As you shop for a cash-back credit card, it can help to know your credit scores so that you apply for a credit card for which you’re more likely to be approved. You can check your credit scores for free through, along with an analysis of your credit and a plan to build or maintain your credit.

The Winner: Fidelity Investment Rewards American Express Card

Why it won: These cards continue to lead the market by offering 2 percent cash back on all purchases, which is deposited into a qualifying investment account with Fidelity.

What this card offers: For every $2,500 in purchases made, cardholders earn 5,000 points, which can be automatically redeemed for a $50 deposit to their designated Fidelity Investments account each time they meet this minimum. Cardholders can choose to have their rewards deposited into a qualifying brokerage account, investment account, 529 college savings account or retirement account. Cardholders earn 2 percent cash back on all purchases, and there is no limit to the amount of cash back they can receive. According to Sam McLimans, Fidelity's Senior Vice President of Cash Management, this card continues to experience tremendous growth due to the fact that it is a simple, easy to understand offer of 2 percent cash back on everything, all the time. Or as he puts it: "Customers just get it."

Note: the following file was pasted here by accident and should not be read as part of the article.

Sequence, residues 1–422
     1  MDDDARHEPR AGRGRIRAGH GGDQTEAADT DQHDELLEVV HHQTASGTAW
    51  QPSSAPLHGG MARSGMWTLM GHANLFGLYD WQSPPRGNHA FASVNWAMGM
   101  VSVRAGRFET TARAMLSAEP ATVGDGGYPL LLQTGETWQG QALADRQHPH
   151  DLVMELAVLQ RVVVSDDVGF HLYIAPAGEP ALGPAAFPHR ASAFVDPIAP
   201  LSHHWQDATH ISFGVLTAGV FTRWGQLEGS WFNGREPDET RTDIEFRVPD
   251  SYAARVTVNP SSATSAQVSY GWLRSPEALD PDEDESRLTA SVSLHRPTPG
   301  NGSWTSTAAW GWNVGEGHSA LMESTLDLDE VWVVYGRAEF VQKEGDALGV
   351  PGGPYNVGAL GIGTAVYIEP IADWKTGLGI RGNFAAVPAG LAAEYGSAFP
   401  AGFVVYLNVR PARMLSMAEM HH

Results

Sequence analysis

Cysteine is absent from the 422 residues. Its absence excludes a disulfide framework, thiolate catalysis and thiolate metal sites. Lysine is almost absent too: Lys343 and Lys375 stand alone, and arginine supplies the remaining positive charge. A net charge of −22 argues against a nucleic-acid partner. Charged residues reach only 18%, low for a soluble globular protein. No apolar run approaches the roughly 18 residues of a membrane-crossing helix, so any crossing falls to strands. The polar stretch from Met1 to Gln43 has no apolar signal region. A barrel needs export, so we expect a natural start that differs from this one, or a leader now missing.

Other features: Instead of cash back, cardholders can choose to redeem their rewards in the WorldPoints program, which offers gift cards or travel rewards.

The cost: There is no annual fee for this card, and the foreign transaction fee is just 1 percent. That is significantly less than the 2.7 percent foreign transaction fee charged by most American Express cards.

1st Runner-Up: Capital One Quicksilver Cash Rewards Credit Card

Why it won: This new Capital One card offers 1.5 percent cash back on all purchases, with no annual fee.

What this card offers: Cardholders earn 1.5 percent cash back on every transaction, and receive their rewards every month. There is no limit to the amount of rewards that can be earned, and the rewards never expire.

Other features: New applicants receive a $100 sign-up bonus after they use their card to make $500 in purchases within three months. As a Visa Signature card, customers receive extended warranty coverage, access to travel upgrades and savings, and the use of a complimentary concierge service.